are great orators, that is they can
let off a lot of hot air but little
thought. In debate they never get
together as a team. One will say
one thing and perhaps the third
speaker may contradict him.”
U. of W. Inaugurates New
System To Fight Cheating
Definite steps have been taken
by the University of Washington
faculty and student body to fight
cheating, by establishing a judicial
council which will endeavor to
wage an effective war against it.
Faculty contact will be made
through class instructors who will
submit the names of student of
fenders to the judicial body after
examinations. Campus leaders will
act as members of the council, and
will be divided into two separate
bodies, a men's council and a wo
men’s council.
This council will take into con
sideration all information offered
it by instructors and if evidence of
cheating proves sufficient, recom
mendations for expulsions will go
through immediately.
History of Life Insurance
Told by Professor Claire
Back in about the sevententh
century, society enjoyed one free
dom that the modern world can
not boast. History tells us that
there were no life insurance sales
men. It also tells some rather
queer “believe it or not” circum
stances through which the modern
economic world has emerged.
If one was to guess as to how
the first insurance underwriter got
his start in life, it might be said
that he was a self-made man or
perhaps a good salesman.
“On the contrary, he knew how
to drink good coffee, or at least
he knew his coffee house. That
is one of the revelations of a study
( of the history of insurance,” said
Guy S. Claire, law professor, while
addressing the insurance under
writers of Lane county at a meet
ing yesterday. Mr. Claire teaches
insurance and discussed the sub
ject as “the history of insurance
as a background to its problems.”
As early as 168S seafaring men
liked to sip coffee on Tower street
in London. Lloyd’s Coffee House
and Edward Lloyd were hosts. It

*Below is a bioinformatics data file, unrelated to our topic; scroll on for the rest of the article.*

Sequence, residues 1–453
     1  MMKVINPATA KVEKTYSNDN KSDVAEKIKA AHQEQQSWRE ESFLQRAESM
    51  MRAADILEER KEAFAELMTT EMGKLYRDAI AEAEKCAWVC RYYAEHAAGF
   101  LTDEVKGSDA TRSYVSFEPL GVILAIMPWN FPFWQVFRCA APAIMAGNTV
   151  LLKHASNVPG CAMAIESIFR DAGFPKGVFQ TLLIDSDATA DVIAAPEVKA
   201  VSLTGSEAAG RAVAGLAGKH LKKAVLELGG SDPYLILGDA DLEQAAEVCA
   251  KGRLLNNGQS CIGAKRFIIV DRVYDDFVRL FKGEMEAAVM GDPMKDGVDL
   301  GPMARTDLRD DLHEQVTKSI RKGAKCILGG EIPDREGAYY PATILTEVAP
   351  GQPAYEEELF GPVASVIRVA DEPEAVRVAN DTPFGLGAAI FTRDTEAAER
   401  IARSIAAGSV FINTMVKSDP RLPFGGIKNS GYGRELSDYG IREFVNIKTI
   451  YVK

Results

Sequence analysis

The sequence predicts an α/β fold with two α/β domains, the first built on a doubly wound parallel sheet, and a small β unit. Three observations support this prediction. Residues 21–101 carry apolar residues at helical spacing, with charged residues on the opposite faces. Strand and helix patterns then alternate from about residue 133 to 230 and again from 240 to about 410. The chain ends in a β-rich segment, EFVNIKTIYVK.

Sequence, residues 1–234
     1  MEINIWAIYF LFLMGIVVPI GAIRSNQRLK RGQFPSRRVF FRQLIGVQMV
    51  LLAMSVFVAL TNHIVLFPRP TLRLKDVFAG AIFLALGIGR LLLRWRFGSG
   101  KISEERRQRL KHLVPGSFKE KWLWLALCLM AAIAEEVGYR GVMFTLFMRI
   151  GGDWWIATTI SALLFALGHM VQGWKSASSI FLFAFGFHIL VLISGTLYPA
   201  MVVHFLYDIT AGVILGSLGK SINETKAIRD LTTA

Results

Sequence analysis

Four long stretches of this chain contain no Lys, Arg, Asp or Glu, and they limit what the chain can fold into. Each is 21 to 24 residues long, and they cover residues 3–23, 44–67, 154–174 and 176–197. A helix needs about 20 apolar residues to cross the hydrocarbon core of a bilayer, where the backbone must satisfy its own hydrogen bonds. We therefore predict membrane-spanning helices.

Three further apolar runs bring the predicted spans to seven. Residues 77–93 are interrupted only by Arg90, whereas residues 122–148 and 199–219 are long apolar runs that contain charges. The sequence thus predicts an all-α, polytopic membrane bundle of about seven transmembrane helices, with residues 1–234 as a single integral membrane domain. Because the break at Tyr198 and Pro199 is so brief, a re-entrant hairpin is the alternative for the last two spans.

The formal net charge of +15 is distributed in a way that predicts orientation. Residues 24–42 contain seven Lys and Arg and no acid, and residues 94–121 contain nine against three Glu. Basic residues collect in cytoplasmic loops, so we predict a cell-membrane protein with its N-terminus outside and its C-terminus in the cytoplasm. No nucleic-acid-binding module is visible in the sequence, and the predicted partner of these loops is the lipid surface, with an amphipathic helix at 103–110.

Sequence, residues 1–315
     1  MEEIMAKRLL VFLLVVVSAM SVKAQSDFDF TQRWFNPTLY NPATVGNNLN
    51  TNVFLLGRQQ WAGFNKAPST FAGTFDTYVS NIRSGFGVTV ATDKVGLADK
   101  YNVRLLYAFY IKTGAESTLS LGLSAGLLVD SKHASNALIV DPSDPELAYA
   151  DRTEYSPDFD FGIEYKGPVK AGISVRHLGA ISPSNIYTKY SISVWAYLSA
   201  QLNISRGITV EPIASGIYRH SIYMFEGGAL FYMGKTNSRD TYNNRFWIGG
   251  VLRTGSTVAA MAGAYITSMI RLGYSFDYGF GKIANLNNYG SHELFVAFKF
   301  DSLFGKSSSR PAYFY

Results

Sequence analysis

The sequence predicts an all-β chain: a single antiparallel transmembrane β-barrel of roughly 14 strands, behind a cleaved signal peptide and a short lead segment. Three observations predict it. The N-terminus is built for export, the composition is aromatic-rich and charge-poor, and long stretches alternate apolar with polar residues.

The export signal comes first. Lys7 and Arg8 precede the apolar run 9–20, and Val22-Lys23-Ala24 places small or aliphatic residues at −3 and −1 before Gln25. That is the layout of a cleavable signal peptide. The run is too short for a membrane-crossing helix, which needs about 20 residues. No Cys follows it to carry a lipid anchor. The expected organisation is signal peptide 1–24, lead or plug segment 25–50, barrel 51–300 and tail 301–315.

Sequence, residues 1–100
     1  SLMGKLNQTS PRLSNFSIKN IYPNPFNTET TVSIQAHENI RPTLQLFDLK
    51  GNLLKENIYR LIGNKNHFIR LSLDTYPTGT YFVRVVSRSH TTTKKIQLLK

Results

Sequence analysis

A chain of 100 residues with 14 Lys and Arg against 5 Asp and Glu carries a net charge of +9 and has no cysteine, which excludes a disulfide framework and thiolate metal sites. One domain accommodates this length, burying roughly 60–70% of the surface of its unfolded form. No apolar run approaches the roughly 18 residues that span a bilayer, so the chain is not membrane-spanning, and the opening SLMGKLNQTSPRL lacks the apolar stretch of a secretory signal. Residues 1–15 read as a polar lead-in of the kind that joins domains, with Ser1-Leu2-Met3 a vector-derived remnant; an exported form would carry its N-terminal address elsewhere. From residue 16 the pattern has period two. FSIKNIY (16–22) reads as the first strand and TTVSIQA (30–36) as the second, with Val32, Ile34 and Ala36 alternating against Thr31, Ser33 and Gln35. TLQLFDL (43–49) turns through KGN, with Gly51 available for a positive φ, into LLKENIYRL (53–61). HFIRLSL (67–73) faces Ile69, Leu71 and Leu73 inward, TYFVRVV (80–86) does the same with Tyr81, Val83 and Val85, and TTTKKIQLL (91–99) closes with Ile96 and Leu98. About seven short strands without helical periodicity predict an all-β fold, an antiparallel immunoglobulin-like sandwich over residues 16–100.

became a custom for those present
to examine the circumstances of
a certain vessel going out to sea.
They passed around a slip and
each pledged himself to a certain
amount of liability for the vessel
to the insurer if they so desired.
The first underwriter thus came
into being.
Lloyd soon moved to a new dis
trict. He saw possibilities in the
shipping transactions and soon
published “Lloyd's Lists,” which
today is the most Important in
surance publication in the shipping
and commercial world, and by
which modern companies govern
their actions to a great extent.
In 1815 Massachusetts refused
to admit the legality of a life in
surance contract because it was
“repugnant to sound morals and
contrary to publjc policy, and sets
(Continued on Page Three)
Doughnuts Will
Reign Over Old
Oregon Today
| Buy ’Em and Dunk ’Em
Is Y.W.C.A. Cry
Tlieatre Passes To Be Given
To Women Selling Most
Sinkers During Day
“Dig up a dime and dunk a
Doughnuts at two for a nickel
will be the order of the day today
when the Y. W. C. A., under the
chairmanship of Nancy Suomela,
will put on its Oregon Dougnut
Day. Co-eds will be at booths all
day long to sell the sinkers to the
hungry students. Ample supply of
doughnuts have been ordered, ac
cording to Miss Suomela, so that
every lover of doughnuts will be
given a chance to engage in the
gentle art of dunking.
More than 250 dozen doughnuts
have already been sold to various
living organizations, and it is
planned to sell at least 250 dozen
to the University students today.
Attention is being turned to the
campus sales today, and Thursday
and Friday the sale will continue
among the living organizations
and townspeople.
Assisting Miss Suomela are Car
oline Card, promoting manager;
Dagmar Haugen, secretary; Joyce
Busenbark, campus sales; May
Masterton, town soliciting; Jean
Failing, group sales, and Helen
Shingle, finance chairman.
Tom Denton, sales publicity
manager for the Doughnut Ma
chine Corporation of America, ar
rived on the campus yesterday to
assist with the drive. Mr. Denton
intends to record the results of
the sale, and, if successful, he will
use the University of Oregon as
an example in sponsoring similar
doughnut drives in colleges
throughout the United States.
Three complimentary tickets to
the Fox McDonald are being given
to the three girls selling the most
doughnuts during the day. Three
more passes will be given to the
girls soliciting the most orders
from townspeople.
May Masterton, town soliciting